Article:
Defense Minister Tea Banh had already received his Covid-19 vaccine jab ahead of the planned rollout of 600,000 doses of Sinopharm shots next week when Prime Minister Hun Sen backed out Friday evening, saying he was advised he was too old.
“The vaccination process will officially begin [on Wednesday] at Calmette Hospital, where I will be the first to receive [a vaccine dose] along with other senior officials, except Samdech Tea Banh who has already been vaccinated,” Hun Sen said in a Facebook post on Friday morning, using an honorific. Some 600,000 doses of Sinopharm shots were to arrive on Sunday, he said.
But by 6:15 p.m. on Friday, the prime minister said he would no longer be getting his first dose of the Chinese-manufactured vaccine next week, because he was informed by the Health Ministry via an office of the Chinese Embassy that Sinopharm could only be used to vaccinate people aged 18 to 59.
“For me, I am more than 68 years old already, so I am not able to be vaccinated yet,” Hun Sen said in the evening Facebook post.
“The plan to vaccinate as scheduled on February 10, 2021 at Calmette Hospital will be canceled since I and most other senior officials are beyond 60 years old already.”
Banh is 75 years old, although it is unclear which vaccine he received.
Hun Sen also initially said Cambodia would distribute a vaccine approved by the World Health Organization — which Sinopharm is not — but later said the country could not wait due to the “urgency of the situation.”
Since January last year, Cambodia has reported just 470 coronavirus cases, including 452 recovered patients and no deaths, leaving just 18 active cases as of Friday. Globally, more than 100 million cases and over 2 million deaths have been recorded since the start of the pandemic.
Last month, the Health Ministry announced that China would send Cambodia its first doses of 1 million pledged shots of the vaccine, manufactured by Chinese state-owned firm China National Pharmaceutical Group (Sinopharm), before mid-February.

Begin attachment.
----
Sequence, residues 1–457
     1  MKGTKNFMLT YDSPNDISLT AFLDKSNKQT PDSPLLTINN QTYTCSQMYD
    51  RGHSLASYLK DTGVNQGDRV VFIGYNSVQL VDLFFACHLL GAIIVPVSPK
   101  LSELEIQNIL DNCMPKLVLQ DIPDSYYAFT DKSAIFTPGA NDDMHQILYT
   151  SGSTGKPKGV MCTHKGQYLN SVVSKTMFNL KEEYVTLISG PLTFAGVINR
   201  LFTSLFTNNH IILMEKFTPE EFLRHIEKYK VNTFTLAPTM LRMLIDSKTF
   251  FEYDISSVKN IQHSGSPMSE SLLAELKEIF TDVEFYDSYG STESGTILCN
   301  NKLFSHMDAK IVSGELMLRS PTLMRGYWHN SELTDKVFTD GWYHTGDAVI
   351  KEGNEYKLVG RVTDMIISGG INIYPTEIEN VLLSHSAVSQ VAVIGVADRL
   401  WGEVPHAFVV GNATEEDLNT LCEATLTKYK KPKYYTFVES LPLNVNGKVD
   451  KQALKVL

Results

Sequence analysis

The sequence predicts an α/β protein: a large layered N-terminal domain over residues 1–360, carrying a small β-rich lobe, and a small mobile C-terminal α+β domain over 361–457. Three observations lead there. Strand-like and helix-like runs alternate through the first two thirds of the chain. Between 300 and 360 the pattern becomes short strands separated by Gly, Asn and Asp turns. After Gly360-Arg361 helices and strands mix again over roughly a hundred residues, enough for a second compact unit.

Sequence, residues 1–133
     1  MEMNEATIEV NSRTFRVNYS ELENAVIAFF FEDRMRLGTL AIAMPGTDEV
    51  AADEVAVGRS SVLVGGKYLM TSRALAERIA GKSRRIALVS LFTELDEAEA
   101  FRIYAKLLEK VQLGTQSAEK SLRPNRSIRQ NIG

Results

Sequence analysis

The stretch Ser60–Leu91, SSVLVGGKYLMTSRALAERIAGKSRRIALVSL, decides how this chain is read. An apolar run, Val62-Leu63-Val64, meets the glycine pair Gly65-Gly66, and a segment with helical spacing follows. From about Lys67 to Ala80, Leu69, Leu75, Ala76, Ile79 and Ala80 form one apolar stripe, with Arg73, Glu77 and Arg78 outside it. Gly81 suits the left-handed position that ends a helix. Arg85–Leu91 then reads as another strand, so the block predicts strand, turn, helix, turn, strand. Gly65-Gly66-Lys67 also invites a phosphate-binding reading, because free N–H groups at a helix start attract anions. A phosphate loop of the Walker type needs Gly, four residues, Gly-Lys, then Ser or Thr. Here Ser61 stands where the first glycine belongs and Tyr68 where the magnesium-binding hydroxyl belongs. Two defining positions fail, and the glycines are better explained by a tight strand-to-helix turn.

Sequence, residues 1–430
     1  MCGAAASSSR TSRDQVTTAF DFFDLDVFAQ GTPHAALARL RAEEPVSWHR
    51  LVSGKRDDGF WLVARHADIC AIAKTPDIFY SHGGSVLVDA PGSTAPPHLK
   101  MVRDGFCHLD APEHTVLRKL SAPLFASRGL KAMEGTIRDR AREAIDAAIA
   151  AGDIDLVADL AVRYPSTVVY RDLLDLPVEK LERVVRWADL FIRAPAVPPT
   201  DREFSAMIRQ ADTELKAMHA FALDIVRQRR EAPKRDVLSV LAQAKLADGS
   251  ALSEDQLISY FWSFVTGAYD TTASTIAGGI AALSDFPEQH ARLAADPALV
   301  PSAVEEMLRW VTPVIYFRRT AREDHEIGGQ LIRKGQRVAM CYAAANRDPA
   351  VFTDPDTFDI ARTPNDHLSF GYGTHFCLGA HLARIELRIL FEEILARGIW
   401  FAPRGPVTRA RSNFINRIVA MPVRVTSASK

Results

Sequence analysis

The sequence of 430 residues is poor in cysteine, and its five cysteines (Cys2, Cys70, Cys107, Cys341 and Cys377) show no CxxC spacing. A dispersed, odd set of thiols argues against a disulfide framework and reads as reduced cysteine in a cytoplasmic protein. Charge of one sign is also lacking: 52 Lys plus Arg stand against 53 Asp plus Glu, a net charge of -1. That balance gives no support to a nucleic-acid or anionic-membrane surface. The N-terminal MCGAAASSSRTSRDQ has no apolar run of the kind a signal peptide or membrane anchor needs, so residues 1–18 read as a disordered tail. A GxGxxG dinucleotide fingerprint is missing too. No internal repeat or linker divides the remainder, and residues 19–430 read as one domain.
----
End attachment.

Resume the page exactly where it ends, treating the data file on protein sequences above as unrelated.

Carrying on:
Health Ministry spokesperson Or Vandine said Banh had been vaccinated, but declined to say where and when, referring questions to the Defense Ministry.
Neither Defense Ministry spokesman Chhum Sucheat nor Banh could not be reached for comment.
Vandine said Cambodia planned to vaccinate up to 10 million people by next year. In addition to China’s 1 million pledged doses, the country has received promises of 3 million doses from Australia and 7 million from the U.N.-backed Covax mechanism, according to Vandine. The government was looking to buy an additional 9 million doses, she said.
The vaccine will be distributed free of charge to Cambodians and foreigners living in the country on a voluntary basis, with doses prioritized by profession and registration, either online or in-person at health centers, Vandine said.
Before Hun Sen backtracked late Friday, she said the prime minister would get his first vaccine dose on Wednesday, followed by other officials, medical professionals and soldiers.
On Thursday, the Health Ministry said it had approved one of two coronavirus vaccines developed by Sinopharm. The vaccine was produced by the firm’s Beijing Institute of Biology Products, and is being assessed by the WHO. It anticipates an evaluation decision in March.
Sinopharm’s two-dose vaccine has been reported to be up to 79 percent effective. China, the United Arab Emirates, Bahrain, Egypt and Jordan have authorized its “emergency use,” the firm’s website says. Pakistan, Iraq and Serbia have also approved its use, according to news reports.
Asked about any concerns about the Sinopharm vaccine, Vandine said she was not worried because as of late January, some 220 million doses had already been used in various countries.
“They have properly studied and at the same time, more than 10 million Chinese people have been vaccinated, and some other countries like Indonesia also used this vaccine,” Vandine said.
She said the Sinopharm vaccine was being evaluated by the WHO and was expected to be approved for emergency use soon.
“Based on the development and their evaluation, so far, [we] have not heard of any issue yet.”